is the ratio of width to height of the projection. `zNear`

and `zFar`

specify the near and far clipping planes, respectively. This function works the same way as OpenGL's `gluPerspective`

function.

```
void Matrix_applyPerspective(Matrix * matrix, float fovYDegrees, float aspect, float zNear, float zFar) {
Matrix perspectiveMatrix;
float sine, cotangent, deltaZ;
fovYDegrees = fovYDegrees * M_PI / 360.0f;
deltaZ = zFar - zNear;
sine = sin(fovYDegrees);
if (deltaZ == 0.0f || sine == 0.0f || aspect == 0.0f) {
return;
}
cotangent = cos(fovYDegrees) / sine;
Matrix_loadIdentity(&perspectiveMatrix);
perspectiveMatrix.m[0] = cotangent / aspect;
perspectiveMatrix.m[5] = cotangent;
perspectiveMatrix.m[10] = -(zFar + zNear) / deltaZ;
perspectiveMatrix.m[11] = -1.0f;
perspectiveMatrix.m[14] = -2.0f * zNear * zFar / deltaZ;
perspectiveMatrix.m[15] = 0.0f;
Matrix_multiply(matrix, perspectiveMatrix);
}
```

## Inversion

In most cases, a transformation matrix can be inverted. A matrix performs the exact opposite transformation when inverted, such that `vector * matrix * inverse(matrix) == vector`

, and `matrix * inverse(matrix) == Matrix_identity()`

.

To compute the inverse of a matrix, you first have to calculate the matrix's determinant value. The determinant of a matrix is a floating point value which is used to indicate whether the matrix has an inverse or not, and is used in the inverse computation itself. As long as the determinant is nonzero, an inverse exists and can be computed. I won't go into detail about the math used to compute the determinant, but see Q24 (and Q23) in the Matrix & Quaternion FAQ if you're curious. Meanwhile, here's an implementation:

```
static float Matrix_subdeterminant(Matrix matrix, int excludeIndex) {
int index4x4, index3x3;
float matrix3x3[9];
if (excludeIndex < 0 || excludeIndex > 15) {
return 1.0f;
}
index3x3 = 0;
for (index4x4 = 0; index4x4 < 16; index4x4++) {
if (index4x4 / 4 == excludeIndex / 4 ||
index4x4 % 4 == excludeIndex % 4) {
continue;
}
matrix3x3[index3x3++] = matrix.m[index4x4];
}
return matrix3x3[0] * (matrix3x3[4] * matrix3x3[8] - matrix3x3[5] * matrix3x3[7]) -
matrix3x3[3] * (matrix3x3[1] * matrix3x3[8] - matrix3x3[2] * matrix3x3[7]) +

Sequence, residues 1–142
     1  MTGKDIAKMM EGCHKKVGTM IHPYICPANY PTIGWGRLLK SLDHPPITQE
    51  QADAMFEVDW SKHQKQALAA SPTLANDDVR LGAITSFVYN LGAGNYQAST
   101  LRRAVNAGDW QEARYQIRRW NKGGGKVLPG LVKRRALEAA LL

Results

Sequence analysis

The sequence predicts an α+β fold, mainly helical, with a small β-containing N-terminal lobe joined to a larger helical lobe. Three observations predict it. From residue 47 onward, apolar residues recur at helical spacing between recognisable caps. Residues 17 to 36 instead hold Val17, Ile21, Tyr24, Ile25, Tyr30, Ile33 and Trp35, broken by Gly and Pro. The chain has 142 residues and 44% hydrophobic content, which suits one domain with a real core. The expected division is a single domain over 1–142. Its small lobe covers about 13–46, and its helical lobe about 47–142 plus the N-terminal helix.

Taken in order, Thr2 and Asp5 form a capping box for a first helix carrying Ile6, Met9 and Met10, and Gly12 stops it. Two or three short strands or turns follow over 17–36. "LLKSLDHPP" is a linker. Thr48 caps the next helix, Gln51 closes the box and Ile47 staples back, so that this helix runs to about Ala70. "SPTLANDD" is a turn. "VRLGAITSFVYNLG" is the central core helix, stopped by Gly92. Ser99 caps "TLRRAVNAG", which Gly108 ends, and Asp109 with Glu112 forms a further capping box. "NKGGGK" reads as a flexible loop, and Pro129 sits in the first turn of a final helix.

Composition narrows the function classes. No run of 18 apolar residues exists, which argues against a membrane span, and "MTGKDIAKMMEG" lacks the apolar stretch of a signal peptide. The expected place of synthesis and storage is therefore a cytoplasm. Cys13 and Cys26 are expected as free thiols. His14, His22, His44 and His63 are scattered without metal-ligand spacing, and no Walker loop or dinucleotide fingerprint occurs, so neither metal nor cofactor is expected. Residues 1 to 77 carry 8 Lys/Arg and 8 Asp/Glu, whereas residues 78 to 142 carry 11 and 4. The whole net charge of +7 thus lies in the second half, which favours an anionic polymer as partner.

matrix3x3[6] * (matrix3x3[1] * matrix3x3[5] - matrix3x3[2] * matrix3x3[4]);
}
float Matrix_determinant(Matrix matrix) {
float subdeterminant0, subdeterminant1, subdeterminant2, subdeterminant3;
subdeterminant0 = Matrix_subdeterminant(matrix, 0);
subdeterminant1 = Matrix_subdeterminant(matrix, 4);
subdeterminant2 = Matrix_subdeterminant(matrix, 8);
subdeterminant3 = Matrix_subdeterminant(matrix, 12);
return matrix.m[0] * subdeterminant0 +
matrix.m[4] * -subdeterminant1 +
matrix.m[8] * subdeterminant2 +
matrix.m[12] * -subdeterminant3;
}
```

With the determinant computed, we can now compute the inverse of the matrix, assuming the determinant is non-zero. Note that this function performs no checking of the determinant; using it with a matrix that has a determinant of zero will give you a matrix full of `nan`

and/or `inf`

values.

```
void Matrix_invert(Matrix * matrix) {
float determinant;
Matrix result;
int index, indexTransposed;
int sign;
determinant = Matrix_determinant(*matrix);
for (index = 0; index < 16; index++) {
sign = 1 - (index % 4 + index / 4) % 2 * 2;
indexTransposed = index % 4 * 4 + index / 4;
result.m[indexTransposed] = Matrix_subdeterminant(*matrix, index) * sign / determinant;
}
*matrix = result;
}
```

## More on the identity matrix

If you look at the identity matrix again, you'll notice that, neatly enough, the first three columns are unit vectors that point right, up, and forward, respectively. The fourth column is the translation vector; it contains all zeros in the first three rows, because the identity matrix performs no translation.

The values in the bottom row are more abstract, and can't be explained as simply as the others. I recommend using the Matrix playground application (linked at the bottom of this tutorial) to experiment with these values in order to understand how they affect transformations.

1.0 | 0.0 | 0.0 | 0.0 |

0.0 | 1.0 | 0.0 | 0.0 |

0.0 | 0.0 | 1.0 | 0.0 |

0.0 | 0.0 | 0.0 | 1.0 |

If you'd like to know more, I recommend that you read the Matrix & Quaternion FAQ. It was a great help to me while writing this tutorial, and is an excellent resource for everything relating to matrices and quaternions. Feel free to contact me with any questions you might have, and I'll get back to you as quickly as possible. You can also ask on the message board.

## Implementation

Companion application:

Matrix playground (Mac OS X binary)

Matrix playground (Win32 binary)

Matrix playground (source code)